The phrase “orphaned manuscript” strikes dread in the heart of every writer: it refers to a project acquired by an editor who leaves the company before the book is published. But the situation can be just as disheartening for the staffers who are forced to divvy up the departing editor’s work and take on manuscripts signed up by somebody else. This is the scenario, however, that led Julie to meet John.

Julie Strauss-Gabel was a new editor at Dutton in 2003, when Donna Brooks acquired (for an $8,000 advance) a manuscript recommended to her by Booklist editor Ilene Cooper. The manuscript was by a 25-year-old named John Green, whom Cooper had taken under her wing. “It wasn’t quite slush, because it had the right people helping it, but it definitely did not come in the door as a ‘big book,’ ” Strauss-Gabel recalled. Brooks left Dutton before Green finished the revisions and Looking for Alaska was assigned to Strauss-Gabel, who published it in 2005. Alaska won the Printz Award, and has been on and off (mostly on) bestseller lists ever since, changing the lives of both author and accidental editor. “My belief in that book taught me to be loud. There was no ‘if’ about it,” Strauss-Gabel said. “To discover that confidence is a huge part of being an editor and a huge part of being a publisher: learning to trust my gut.”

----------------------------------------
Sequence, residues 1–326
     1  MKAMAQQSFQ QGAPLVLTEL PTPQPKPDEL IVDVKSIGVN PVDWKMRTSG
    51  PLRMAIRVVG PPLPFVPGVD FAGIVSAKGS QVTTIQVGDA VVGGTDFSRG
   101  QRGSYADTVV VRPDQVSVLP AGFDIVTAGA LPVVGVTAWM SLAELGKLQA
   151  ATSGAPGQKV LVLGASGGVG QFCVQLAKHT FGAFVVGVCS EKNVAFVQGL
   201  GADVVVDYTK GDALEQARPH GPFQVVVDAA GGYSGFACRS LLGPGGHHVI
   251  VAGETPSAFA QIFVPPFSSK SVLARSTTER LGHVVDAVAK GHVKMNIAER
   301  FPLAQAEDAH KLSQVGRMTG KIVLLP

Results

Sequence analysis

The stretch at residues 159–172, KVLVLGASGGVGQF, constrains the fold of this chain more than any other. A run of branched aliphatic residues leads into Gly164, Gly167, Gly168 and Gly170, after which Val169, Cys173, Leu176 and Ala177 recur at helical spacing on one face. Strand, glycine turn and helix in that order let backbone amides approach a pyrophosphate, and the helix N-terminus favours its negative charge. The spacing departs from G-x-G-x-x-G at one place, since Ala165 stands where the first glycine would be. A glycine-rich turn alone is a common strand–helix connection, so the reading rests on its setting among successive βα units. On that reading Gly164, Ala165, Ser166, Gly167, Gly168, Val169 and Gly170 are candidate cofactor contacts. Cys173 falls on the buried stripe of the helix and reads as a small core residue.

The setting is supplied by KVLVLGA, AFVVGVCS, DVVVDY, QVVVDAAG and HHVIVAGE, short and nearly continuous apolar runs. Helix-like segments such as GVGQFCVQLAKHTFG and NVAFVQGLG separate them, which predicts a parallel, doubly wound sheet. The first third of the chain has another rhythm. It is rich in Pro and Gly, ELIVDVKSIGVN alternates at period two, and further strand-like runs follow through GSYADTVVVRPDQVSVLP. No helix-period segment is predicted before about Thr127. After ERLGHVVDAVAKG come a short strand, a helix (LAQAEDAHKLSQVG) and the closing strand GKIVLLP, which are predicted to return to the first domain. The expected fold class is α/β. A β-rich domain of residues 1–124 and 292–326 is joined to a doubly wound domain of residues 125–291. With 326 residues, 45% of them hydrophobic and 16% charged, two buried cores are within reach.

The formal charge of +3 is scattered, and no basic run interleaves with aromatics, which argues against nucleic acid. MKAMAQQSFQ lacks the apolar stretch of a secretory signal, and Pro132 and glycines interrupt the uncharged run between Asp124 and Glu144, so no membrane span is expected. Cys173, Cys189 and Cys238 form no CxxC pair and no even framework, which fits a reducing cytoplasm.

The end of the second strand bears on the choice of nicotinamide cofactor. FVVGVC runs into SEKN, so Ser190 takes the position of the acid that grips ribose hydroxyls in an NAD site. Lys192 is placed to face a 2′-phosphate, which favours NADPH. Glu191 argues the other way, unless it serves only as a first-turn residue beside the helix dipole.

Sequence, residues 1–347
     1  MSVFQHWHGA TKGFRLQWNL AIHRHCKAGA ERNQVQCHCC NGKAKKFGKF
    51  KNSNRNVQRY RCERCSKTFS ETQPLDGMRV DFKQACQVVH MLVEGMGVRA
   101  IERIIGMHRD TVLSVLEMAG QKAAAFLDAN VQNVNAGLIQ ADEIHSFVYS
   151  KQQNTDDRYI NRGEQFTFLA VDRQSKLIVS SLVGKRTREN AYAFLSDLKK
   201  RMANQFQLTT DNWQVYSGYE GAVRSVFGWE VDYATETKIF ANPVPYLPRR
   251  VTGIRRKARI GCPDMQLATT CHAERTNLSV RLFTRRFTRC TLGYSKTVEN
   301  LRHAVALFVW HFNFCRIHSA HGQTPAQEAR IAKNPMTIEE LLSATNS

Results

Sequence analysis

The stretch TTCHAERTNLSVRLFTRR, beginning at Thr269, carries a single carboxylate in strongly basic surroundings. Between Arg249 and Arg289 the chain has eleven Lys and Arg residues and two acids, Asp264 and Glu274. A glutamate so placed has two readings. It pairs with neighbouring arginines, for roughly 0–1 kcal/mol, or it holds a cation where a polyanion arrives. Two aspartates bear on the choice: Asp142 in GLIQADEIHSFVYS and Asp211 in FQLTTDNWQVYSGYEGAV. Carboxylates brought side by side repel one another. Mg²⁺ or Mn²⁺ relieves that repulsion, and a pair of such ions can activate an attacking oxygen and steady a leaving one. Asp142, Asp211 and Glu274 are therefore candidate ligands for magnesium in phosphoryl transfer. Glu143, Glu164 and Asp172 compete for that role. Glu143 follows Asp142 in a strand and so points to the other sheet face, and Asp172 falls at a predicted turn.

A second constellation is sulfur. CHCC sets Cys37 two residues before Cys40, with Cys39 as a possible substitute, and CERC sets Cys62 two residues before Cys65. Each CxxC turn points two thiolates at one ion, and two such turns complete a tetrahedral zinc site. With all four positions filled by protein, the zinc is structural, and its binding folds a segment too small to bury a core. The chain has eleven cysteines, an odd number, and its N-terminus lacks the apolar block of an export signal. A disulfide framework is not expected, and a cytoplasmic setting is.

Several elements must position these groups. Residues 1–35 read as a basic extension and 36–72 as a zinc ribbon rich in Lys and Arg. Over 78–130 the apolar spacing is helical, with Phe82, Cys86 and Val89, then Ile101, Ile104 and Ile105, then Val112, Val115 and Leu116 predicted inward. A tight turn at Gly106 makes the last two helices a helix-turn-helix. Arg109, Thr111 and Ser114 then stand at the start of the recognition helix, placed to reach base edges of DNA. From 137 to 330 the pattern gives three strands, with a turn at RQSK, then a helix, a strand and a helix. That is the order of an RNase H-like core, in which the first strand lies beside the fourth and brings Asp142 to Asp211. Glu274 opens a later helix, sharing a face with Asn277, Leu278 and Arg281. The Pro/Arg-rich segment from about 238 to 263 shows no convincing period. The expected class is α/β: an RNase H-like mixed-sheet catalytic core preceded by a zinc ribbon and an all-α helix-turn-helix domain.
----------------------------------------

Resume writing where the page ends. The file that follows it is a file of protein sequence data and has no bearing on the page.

Now Strauss-Gabel is the publisher of Dutton Books, the oldest continually operating children’s imprint in the U.S. Her books have won the Printz, two Edgars, a Boston Globe-Horn Book Award, the E.B. White Read-Aloud Award, and have been named to numerous state award lists. Not bad for someone who initially had trouble finding her way in publishing, despite sterling academic credentials: “I interned as an editorial assistant but I wrote reader reports like they were miniature theses, so it wasn’t really a shock that I wasn’t hired.”

Her first job was in subsidiary rights at Disney-Hyperion. Looking back, she sees it as a lucky break. “I learned a part of the business most editors don’t know,” she said. The position gave her a “360-degree view that I wouldn’t have gotten otherwise.”